Democratic caucuses: Senators, faith leaders encourage participation, decry vote suppression

In a 1965 civil rights march from Selma to Montgomery, Alabama, African-Americans and other minority citizens secured the right to vote. To honor their efforts, Colorado Democratic lawmakers, faith leaders and march veterans are urging citizens to utilize their voting rights by participating in tonight's Democratic Caucus. But they are also warning of possible restrictions that may direct voters away from the ballot box.

In a press conference Monday, Democratic lawmakers expressed concern for a newly proposed legislation that would shorten the number of days a person has to cast his ballot. Rick Palacio, Colorado Democratic Party Chairman, says the legislation is an attempt to "make it harder for American citizens to exercise their constitutional right to vote."

Palacio added that at the ballot box, "Americans won't be faced with night sticks," as marchers once were. "They'll instead be faced with new laws written by the Republican legislature and the Secretary of State.

"Just a few short months ago," he continued, "Colorado's own congressman, Mike Coffman, introduced legislation to repeal parts of the voting rights act passed in 1965."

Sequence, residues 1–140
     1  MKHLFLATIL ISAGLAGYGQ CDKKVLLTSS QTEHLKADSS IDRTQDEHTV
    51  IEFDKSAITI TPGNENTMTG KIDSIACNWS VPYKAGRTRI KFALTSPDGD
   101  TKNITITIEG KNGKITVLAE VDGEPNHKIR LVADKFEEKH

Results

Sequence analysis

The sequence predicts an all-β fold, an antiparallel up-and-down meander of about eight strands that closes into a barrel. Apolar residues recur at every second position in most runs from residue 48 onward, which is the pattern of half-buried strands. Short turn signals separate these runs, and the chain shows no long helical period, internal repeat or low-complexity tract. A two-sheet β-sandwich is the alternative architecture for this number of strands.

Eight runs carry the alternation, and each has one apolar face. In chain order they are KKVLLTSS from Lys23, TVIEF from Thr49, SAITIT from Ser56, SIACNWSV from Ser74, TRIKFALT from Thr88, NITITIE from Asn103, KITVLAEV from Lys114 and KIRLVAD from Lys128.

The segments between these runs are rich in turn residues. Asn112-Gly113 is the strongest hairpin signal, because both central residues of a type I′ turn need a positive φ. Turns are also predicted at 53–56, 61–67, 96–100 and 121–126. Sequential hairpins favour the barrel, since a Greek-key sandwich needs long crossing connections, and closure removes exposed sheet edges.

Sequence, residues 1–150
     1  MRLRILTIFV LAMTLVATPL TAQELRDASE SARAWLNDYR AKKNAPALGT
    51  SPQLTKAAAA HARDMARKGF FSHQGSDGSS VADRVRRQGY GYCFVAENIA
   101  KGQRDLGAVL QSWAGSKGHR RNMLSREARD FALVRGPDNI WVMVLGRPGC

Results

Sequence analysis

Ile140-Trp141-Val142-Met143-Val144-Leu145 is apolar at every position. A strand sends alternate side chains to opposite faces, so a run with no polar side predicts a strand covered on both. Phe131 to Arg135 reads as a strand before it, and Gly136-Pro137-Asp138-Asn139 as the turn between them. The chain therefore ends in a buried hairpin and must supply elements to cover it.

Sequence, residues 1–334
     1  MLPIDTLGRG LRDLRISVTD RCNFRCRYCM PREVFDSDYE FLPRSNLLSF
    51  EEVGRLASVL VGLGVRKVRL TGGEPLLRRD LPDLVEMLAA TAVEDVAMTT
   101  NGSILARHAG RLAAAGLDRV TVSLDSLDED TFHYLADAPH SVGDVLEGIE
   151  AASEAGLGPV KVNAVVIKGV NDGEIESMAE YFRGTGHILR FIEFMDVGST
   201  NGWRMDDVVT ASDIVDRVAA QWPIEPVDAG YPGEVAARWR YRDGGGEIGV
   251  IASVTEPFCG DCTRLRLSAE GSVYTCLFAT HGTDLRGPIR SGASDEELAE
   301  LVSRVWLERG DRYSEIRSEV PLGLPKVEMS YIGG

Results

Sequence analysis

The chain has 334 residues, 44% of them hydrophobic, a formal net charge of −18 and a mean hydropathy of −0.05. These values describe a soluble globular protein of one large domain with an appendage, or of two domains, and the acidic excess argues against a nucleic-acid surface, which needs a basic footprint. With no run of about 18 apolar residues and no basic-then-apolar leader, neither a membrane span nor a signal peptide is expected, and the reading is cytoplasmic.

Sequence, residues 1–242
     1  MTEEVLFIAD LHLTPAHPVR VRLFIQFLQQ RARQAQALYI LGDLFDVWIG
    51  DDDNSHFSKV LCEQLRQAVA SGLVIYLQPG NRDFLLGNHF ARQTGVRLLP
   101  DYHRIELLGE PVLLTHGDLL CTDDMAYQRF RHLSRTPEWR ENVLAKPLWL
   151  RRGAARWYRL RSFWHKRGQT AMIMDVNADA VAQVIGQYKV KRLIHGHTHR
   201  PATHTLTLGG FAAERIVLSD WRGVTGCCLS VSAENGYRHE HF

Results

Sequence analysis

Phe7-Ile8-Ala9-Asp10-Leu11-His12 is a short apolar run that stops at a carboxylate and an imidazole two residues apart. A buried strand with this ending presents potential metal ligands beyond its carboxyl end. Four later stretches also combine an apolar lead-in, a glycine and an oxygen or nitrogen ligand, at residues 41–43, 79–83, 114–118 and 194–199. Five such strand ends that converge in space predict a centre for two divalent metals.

Senator Lucia Guzman stood in front of faith leaders from the Greater Metro Denver Ministerial Alliance -- some of whom participated in the 1965 march -- and vowed to carry the same energy of the civil rights marches into the election. "We are here, the inheritors of the march, the inheritors of those folks that have come on before us," she said. "So I want to personally say to my colleagues in the legislature that I will do -- and we will do -- everything we need to do.... If we need to disapprove in any way we can, any legislation that will block the freedom of voting for all of our people, that's what we're going to do."

Senator Irene Augilar, who worked to pass a bill that would make it illegal to disseminate false information about voting criteria, says she's worried people are being intentionally misled to change the outcome of the vote. "Back in 2008, some elderly people got misinformation about where to vote, and in 2010, students at Colorado College were told that if they voted, it would effect their residency requirements," she says. "If you are going to win in the United States, you have to win fairly. You've got to win with everybody's vote."

Tonight, beginning at 7 p.m., Democrats will caucus at designated locations across the state to elect delegates to the county assembly and county conventions. To find out your designated caucus location, visit the Colorado Democrats website.

More from our Politics archive: "Ryan Call on why Colorado Republican caucuses mean more than ever."

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